One such man was my cousin's paternal grandfather Edward Stewart Ingram Smith (1871-1923).
Edward Stewart Ingram Smith on the back row, far right
with his regiment Liverpool Scottish.
Edward's Early Life
Edward was a man of many parts - boy soldier, waiter, photographer, and upholsterer. In this photograph of him as a 20 year old young man, he has a sensitive and artistic air about him.
Edward was born in 1871 in Ceres, Fife, Scotland, eldest son of John Ingram Smith and Isabella (Ella) Edward. His Ingram middle name came from that of the minister in the Shetland Isles who had baptized his father - and was one adopted by future generations of Smiths, who were very proud of their island heritage.
In his early childhood, Edward experienced several moves across country as his father's hotel businesses failed.
Edward's daughter Ella (who lived to the age of 99) left notes relating how her father wore the kilt until he was 17 years old, played the bagpipes and spoke Gaelic He enjoyed art and painted in oils. He was well educated in Edinburgh and spoke with a soft lilting accent.
On leaving school, Edward joined the army as a Gordon Highlander, but did not settle and was bought out by his parents.
By the time of the 1891 census, 20 year old Edward was in Leeds where his father John was manager at the Victoria Hotel. Edward's occupation was listed as photographer.
A further move by the family followed, as by 1901 Edward was working as a waiter at the Belvedere Hotel, South Promenade, Blackpool, Lancashire. In 1902 at Kirkham Registrar, near Blackpool, Edward married Lily Beatrice Jones, 13 years his junior.
Ella, Edith and ArthurIn 1915 at the age of 44, Edward, as a previously serving soldier, was called up to return to the army. Determined to maintain his Scottish links, he joined the kilted Liverpool Scottish Regiment.
In the 1911 census, Edward's occupation was still given as photographer, but illness struck and Edward had to give it up. He moved into upholstery, and eventually opened up a furniture business in Blackpool.
Called up to Serve
Called up to Serve
A serious looking family photograph, probably taken as Edward set out for war
with Arthur's hair shorn of its curls. .
The sporran that Edward is wearing in this photograph is still held by the family,
Edward served in France, but was gassed and injured at the Battle of the Somme. Wounded in action in the ferocious fighting in the Battle of Delville Wood, (nicknamed Devil's Wood), he was invalided back to England and hospitalised. His daughter Ella related how he went to meet her at the school gates and she did not recognize him, as his weight had dropped from 15 to 9.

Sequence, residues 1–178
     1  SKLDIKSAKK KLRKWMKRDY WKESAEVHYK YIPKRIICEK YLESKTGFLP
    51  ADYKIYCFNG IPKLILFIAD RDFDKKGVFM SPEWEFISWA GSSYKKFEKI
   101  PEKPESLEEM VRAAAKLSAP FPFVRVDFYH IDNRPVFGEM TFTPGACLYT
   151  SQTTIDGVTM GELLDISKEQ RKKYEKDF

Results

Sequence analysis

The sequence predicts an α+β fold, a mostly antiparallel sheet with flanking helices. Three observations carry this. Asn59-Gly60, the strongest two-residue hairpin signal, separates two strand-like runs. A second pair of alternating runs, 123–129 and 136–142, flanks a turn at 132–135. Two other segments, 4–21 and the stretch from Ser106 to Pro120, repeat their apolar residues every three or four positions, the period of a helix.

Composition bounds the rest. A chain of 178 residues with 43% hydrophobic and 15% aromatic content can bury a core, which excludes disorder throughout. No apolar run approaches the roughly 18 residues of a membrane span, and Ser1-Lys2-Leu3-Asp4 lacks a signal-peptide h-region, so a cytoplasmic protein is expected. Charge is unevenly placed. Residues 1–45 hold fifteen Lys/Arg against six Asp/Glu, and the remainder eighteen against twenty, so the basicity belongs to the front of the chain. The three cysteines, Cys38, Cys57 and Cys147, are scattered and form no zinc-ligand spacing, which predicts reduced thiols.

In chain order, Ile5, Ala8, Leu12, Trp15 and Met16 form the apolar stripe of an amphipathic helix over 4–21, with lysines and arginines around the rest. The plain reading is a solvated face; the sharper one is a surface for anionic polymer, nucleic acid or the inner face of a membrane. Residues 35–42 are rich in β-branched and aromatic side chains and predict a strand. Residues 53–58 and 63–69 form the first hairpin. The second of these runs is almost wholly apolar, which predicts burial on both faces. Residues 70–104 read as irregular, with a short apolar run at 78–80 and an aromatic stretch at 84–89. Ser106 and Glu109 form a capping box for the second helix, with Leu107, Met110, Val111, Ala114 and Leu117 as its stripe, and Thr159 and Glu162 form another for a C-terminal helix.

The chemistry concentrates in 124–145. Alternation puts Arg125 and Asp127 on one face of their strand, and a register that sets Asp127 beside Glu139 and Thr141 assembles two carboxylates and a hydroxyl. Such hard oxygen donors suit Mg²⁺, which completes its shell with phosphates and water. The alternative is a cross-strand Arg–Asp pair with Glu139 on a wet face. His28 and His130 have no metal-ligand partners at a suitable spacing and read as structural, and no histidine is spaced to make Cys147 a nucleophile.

Liverpool Scottish soldiers at Dellville Wood.
An Army Discharge Certificate (the first time I have come across one) and Military Award Records show that Edward received the War Medal, Victory Medal and the Silver War Badge to denote that he had been wounded in action.
Edward's army discharge certificate.
It is not a good image but I had never come across such a document before
and was keen to feature it here.
But following Edward's discharge, family life proved unhappy. His mother died in July 1919 and at some point, he separated from his wife and children. In searching local newspapers for an item on Edward's war service, I came across this report of 24 November 1919 in "The Lancashire Evening Post" It made sad reading:
One cannot help reflect that having to return to active service at the age of 44 and face the harsh physical and mental conditions of the World War One battlefields took its toll on Edward, as on so many soldiers. He died in 1923 aged 52. His wife Lily survived him by a further 40 years and married for a second time.
The photograph below shows an older Edward Stuart Ingram Smith with haunting eyes and a dispirited air - a far cry from the handsome young man of thirty years earlier.
Sepia Saturday give bloggers an opportunity to share their family history and memories through photographs.
Click HERE to see how other Sepia Saturday are commemorating
this month's theme War and Peace.